Fast & Furious Presents: Hobbs & Shaw (2019) reviewed by Jonathan Berk

I have an odd history with the Fast and the Furious franchise. The first film came out when I was in college, and it worked for me. I found it entertaining, and I was on the Vin Diesel bandwagon after seeing Pitch Black (2000) the year before. Then, I immediately wrote off the second film and didn’t see it until it was on TBS or something – which is also how I think I saw Tokyo Drift. That’s it. I didn’t watch another of the films…until this week. 

Hobbs & Shaw is exactly what it wants to be; dumb fun.

Since my summer vacation was winding down and Fast & Furious Presents: Hobbs & Shaw (2019) was looming as the big release for the week, I decided to make use of that Amazon Black Friday purchase of the Fast & Furious Blu-ray box set, and I binged the rest of the franchise. To my surprise, I had a blast with them, laughing at the cheesy dialogue, tearing up at moments that caught me off guard, and reveling in the ever-growing, over-the-top action sequences. By the time Hobbs and Shaw finally released, I was actually looking forward to seeing how crazy it would be. It is VERY CRAZY!

Hobbs (Dwayne Johnson) and Shaw (Jason Statham) are recruited to track down Hattie (Vanessa Kirby), a rogue MI6 agent who stole a deadly virus, but their history makes them not want to work together. It soon becomes clear to the feuding meatheads that Hattie isn’t the villain, and that Brixton (Idris Elba) is their real nemesis. The three go on the run to try and save the world – a sentiment Hobbs verbally expresses a few times.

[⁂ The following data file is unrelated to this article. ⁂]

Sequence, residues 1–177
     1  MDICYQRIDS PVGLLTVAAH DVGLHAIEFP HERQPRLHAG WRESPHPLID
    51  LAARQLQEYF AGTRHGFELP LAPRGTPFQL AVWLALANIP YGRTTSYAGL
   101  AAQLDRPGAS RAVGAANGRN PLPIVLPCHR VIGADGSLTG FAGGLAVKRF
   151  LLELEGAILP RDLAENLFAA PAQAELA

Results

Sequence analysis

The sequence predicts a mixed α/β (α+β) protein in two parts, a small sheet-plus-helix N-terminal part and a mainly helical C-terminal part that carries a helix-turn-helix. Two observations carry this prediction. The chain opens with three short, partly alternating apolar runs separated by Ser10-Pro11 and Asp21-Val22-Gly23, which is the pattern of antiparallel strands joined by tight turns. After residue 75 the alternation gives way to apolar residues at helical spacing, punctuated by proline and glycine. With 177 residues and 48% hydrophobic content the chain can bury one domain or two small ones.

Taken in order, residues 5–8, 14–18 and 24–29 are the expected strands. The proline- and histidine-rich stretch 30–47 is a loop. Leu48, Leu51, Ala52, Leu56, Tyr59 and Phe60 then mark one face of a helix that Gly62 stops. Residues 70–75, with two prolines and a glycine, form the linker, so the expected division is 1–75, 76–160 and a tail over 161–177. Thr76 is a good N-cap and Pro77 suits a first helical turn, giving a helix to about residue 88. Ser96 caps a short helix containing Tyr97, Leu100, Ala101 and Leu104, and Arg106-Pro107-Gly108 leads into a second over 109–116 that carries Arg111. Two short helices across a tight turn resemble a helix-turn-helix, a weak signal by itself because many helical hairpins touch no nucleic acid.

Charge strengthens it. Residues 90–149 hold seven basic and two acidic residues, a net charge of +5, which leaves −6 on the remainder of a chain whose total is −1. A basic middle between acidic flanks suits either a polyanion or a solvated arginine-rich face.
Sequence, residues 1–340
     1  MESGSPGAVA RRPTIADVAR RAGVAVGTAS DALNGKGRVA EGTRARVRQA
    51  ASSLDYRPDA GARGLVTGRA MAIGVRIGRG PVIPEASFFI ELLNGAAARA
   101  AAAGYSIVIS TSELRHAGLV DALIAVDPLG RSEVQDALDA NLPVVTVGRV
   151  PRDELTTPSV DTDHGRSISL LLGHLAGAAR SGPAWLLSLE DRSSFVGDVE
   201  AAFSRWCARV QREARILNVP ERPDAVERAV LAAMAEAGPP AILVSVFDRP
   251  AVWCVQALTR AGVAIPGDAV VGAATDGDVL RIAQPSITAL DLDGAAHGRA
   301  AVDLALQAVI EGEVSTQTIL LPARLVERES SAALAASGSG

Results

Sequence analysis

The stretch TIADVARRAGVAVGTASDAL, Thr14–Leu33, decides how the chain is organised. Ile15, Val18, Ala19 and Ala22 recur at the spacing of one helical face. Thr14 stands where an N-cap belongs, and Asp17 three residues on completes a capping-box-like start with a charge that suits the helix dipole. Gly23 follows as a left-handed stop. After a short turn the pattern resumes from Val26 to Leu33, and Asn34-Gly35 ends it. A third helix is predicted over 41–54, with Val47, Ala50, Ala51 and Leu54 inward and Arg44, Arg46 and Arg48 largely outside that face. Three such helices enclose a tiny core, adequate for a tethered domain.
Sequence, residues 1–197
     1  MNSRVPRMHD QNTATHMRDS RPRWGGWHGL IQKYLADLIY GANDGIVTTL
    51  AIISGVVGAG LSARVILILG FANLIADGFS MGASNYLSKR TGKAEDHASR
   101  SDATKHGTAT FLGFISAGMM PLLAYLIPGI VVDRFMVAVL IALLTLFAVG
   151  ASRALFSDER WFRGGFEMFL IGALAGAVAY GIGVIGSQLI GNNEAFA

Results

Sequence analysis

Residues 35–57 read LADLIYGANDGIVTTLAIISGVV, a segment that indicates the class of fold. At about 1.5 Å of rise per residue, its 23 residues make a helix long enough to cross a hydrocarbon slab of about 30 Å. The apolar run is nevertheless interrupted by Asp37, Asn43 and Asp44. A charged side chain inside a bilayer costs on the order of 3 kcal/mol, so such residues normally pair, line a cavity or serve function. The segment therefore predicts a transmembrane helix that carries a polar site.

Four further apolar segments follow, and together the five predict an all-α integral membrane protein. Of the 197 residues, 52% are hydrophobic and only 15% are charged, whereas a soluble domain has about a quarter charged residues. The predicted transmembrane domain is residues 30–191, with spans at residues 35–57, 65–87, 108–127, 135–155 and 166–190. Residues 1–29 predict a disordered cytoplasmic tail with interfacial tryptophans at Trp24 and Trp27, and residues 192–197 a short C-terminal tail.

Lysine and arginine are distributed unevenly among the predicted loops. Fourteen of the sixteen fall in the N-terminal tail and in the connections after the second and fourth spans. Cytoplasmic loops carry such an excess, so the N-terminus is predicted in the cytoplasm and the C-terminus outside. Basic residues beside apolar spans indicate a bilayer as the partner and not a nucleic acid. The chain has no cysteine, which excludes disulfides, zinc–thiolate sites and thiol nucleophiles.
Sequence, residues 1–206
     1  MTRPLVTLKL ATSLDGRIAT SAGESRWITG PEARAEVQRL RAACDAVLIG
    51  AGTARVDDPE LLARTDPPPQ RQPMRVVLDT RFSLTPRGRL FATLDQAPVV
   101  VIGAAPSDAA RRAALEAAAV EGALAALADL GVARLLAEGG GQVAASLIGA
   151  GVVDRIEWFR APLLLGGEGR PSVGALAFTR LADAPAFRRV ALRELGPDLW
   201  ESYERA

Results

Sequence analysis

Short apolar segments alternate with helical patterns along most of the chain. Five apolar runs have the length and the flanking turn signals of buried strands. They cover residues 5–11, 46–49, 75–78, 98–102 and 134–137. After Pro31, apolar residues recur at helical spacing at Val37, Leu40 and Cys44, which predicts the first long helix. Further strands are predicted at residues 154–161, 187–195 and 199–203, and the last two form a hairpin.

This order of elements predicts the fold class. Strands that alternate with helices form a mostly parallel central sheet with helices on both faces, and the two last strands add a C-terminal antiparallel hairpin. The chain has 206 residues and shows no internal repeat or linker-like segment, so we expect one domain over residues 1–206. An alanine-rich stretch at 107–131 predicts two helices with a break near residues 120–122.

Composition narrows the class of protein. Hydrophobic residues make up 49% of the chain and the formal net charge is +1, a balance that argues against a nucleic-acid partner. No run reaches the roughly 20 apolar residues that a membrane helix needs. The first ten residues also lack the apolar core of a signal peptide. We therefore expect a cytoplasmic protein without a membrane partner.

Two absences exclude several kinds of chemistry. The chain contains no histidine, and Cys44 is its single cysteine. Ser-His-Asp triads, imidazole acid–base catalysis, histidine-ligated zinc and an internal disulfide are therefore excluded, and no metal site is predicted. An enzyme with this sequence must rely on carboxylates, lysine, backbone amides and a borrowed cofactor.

This film is by far the craziest of the franchise, to the point that it almost doesn’t seem like it exists in the same universe. The action in this film escalates – much as it has through the history of the franchise – starting with slightly implausible and growing until there is no freaking way any of this is possible by the film’s finale. For the most part, it’s an unbelievably fun ride, as Johnson and Statham’s characters are entertaining and their performances are as big as Johnson’s biceps. However, right before the final action sequence, the film grinds to a screeching halt as it attempts to give these characters meaningful moments that just feel contrived and pointless. It does make the final action sequence feel less impactful than the others, despite it being super ridiculous and crazy. 

There won’t be any spoilers in this review, but there are two cameos that occur in this film, with one of them really landing strongly for me. To me, it demonstrated director David Leitch’s sense of humor, as does much of Hobbs’ dialogue. There are a number of moments that just had me laughing, making the film – overall – extremely enjoyable. It is what a summer blockbuster in August should be: dumb fun. 

Final thoughts…

Fast & Furious Presents: Hobbs & Shaw is an experiment for a franchise that seems to have mostly worked. There is some debate, of course, about Shaw’s elevation to hero after his role in Furious 7, and I’m leaning on the #justiceforhan side of that argument. Still, you can’t deny Statham’s charm, and the chemistry that Johnson has with him as cinematic joy. Hobbs & Shaw earn the Not Quite Golden, Ponyboy rating. 

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